Révellion or Brazilian New Year’s Eve

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Just a short article today, as I’m still a bit jet-lagged from my honeymoon.

New Year’s in Brazil is very different, and yet very similar to that in Canada.  I do find the festivities are a little bigger in Brazil – in fact, when I returned to Brazil for my (religious) wedding in February, I already saw advertisements to reserve a table for Réveillion (New Year’s Eve) for this coming December 31st.   While New Year’s has taken on the name Réveillion, it doesn’t have the large dinner that is associated with it in some parts of Canada.

I get the impression from stories of friends that most places where it is warm they ring in the New Year on the beach, and Brazil is no exception.   Entire families go out on New Year’s, and the party does not stop until late into the night/morning.   Roads near the coast tend to be shut down, not by law, but by the giant crowds that flock to the beach.  Even people from the interior tend to travel to the coastal cities for celebrations, and the hotels are massively expensive as a result.  Book early if you are going.

Along with Minha Sogra (my mother in law), we stayed out until at least 5:00 a.m., and we were still some of the first to head home – only one couple (who have young children) that we were out with went home before us.    There was a lot of music, dancing, and drinking throughout the night – remember, in Brazil you can drink on the street.  I heard on the news later that week some people had spent three nights in the beach partying, although at that point I think it’s more accurately just called camping.

Christmas is still the major holiday, but, like here, New Year’s is more for friends – so that’s why the festivities can almost seem larger.  While Minha Sogra was with us, we spent the entire night with Minha Namorada’s best friend and her family – it was especially nice because she and her boyfriend got engaged that night.

There are still lots of religious activities going on for New Year’s Eve, you may find an outdoor religious service or two, and I definitely saw some religious groups doing festivities, but that’s always common in Brazil – religion is a large part of everyday life.

Two days later, Meu Sogro (my father in law) was so excited to take us to visit his small town that he started calling us at 2:30 a.m. to see if we were awake and ready to go yet – that led to a very difficult morning as you can imagine, but is a story for another day.

Carnival

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Sérgio (Savaman) Savarese [CC BY 2.0 (https://creativecommons.org/licenses/by/2.0)%5D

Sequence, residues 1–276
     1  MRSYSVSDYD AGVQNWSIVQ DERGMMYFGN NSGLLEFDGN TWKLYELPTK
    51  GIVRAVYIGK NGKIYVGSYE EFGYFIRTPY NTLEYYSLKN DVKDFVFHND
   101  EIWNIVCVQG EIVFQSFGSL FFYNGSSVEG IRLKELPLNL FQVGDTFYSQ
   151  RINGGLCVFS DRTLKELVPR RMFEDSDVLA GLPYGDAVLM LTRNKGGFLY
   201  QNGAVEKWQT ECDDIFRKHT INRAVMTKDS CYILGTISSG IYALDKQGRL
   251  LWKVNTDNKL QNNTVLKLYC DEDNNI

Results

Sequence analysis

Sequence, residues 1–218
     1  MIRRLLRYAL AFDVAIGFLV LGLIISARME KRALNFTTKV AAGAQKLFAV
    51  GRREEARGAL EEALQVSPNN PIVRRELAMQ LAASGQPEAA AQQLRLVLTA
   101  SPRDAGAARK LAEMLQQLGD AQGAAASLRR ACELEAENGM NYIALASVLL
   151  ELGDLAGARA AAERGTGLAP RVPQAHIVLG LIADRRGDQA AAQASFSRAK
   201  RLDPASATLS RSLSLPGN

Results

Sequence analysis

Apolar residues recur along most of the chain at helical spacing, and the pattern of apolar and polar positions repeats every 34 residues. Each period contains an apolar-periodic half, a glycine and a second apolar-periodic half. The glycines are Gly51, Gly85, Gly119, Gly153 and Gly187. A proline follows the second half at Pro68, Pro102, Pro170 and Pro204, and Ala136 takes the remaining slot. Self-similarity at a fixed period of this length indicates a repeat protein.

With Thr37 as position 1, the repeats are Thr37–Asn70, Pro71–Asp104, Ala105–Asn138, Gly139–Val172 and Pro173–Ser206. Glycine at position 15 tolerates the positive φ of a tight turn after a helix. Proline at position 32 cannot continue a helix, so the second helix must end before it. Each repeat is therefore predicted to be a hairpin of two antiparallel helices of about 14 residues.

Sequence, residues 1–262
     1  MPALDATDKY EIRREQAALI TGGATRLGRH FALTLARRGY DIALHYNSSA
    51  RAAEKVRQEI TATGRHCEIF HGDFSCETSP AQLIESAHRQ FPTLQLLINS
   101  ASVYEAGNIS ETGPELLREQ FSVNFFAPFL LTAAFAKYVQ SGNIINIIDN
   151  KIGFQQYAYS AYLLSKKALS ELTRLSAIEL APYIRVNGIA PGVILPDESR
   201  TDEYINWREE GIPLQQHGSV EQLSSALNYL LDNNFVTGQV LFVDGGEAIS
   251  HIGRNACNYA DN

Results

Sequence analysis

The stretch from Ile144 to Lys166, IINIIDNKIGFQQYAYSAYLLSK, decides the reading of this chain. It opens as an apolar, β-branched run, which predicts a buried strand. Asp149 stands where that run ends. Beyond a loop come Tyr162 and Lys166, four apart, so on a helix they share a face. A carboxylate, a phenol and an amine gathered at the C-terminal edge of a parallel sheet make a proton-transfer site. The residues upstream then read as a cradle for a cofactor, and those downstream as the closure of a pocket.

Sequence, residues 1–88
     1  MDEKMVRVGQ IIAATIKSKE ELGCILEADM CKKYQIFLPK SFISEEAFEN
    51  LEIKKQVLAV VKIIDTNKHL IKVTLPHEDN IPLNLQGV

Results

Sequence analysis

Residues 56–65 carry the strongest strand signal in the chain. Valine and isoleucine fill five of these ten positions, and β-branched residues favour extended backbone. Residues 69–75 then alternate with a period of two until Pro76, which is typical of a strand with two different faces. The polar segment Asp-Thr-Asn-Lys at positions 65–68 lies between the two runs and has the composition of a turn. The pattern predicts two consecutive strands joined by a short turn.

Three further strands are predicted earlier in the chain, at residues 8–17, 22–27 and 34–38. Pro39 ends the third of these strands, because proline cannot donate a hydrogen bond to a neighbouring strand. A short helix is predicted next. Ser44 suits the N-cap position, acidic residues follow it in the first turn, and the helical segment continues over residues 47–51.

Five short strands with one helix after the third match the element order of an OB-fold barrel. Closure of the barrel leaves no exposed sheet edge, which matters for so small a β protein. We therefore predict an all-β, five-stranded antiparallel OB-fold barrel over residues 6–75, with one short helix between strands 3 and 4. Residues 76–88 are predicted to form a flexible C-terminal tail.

One of the things Brazil is most well known for is Carnival. But, most people don’t even know that Carnival is associated with Lent (and accordingly Easter), being a celebration right before the beginning of the forty-days of fasting. So, Carnival actually varies by a couple months every year, the same as Easter does. So, in 2018 Carnival was February 9-14th, but in 2019 it is March 1st-6th.

Most people think about the parades for Carnival (which are the main events), and particularly well known are the Samba Dancers that I’ve discussed before in my misconceptions section. The parades are quite large events, attracting tourists from around the world, and with presentations by schools that prepare year round for a dance competition hosted over four nights.

There are a lot of cultural differences between the various Carnival celebrations, with different variations of music being one of the largest signs. In the Southeast Region, Rio De Janeiro and São Paulo mainly, the music is mostly Samba, in the Northeast Region you’ll find more Frevo, and in areas like Salvador, Axé Music the look and style of each dancing troupe will vary significantly along cultural lines as well.  When you think about Carnival, odds are you are thinking about  the Southeast regions, like Rio De Janeiro and São Paulo, as those are the two most famous celebrations.

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Typical Samba dancers, from the Southeast Regions,  – PlidaoUrbenia [CC BY-SA 3.0 (https://creativecommons.org/licenses/by-sa/3.0)%5D
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Frevo dancers from the Northeastern Region – Prefeitura de Olinda [CC BY 2.0 (https://creativecommons.org/licenses/by/2.0)%5D
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One of the most famous Axé singers, Daniela Mercury.  Axé Music started out as an attempted derogatory term to refer to any musicians from Salvador, but the derogatory nature of the term never took shape, and now it simply described this genre of music  – Agecom [CC BY 2.0 (https://creativecommons.org/licenses/by/2.0)%5D
There is some variation in that cities such as São Paulo prefer more confined isolated Samba parades, with less interaction from the public, with the main official competition actually taking place in the “Sambadrome.” Whereas areas like Recife and Belo Horizonte allow for more public involvement in the parades themselves.

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The Sambadrome Marquês de Sapucaí, in Rio de Janeiro – Agência Brasil/Marco Antonio Cavalcanti [CC BY 3.0 br (https://creativecommons.org/licenses/by/3.0/br/deed.en)%5D
Beyond that Carnival is very similar to Mardi Gras, or other themed week-long celebrations (like the Calgary Stampede). If you have ever been to Calgary for the Stampede, and seen just how into it the whole city gets, imagine that on a country-wide scale, but less cowboys.

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Foto:Antônio Cruz/ABr [CC BY 3.0 br (https://creativecommons.org/licenses/by/3.0/br/deed.en)%5D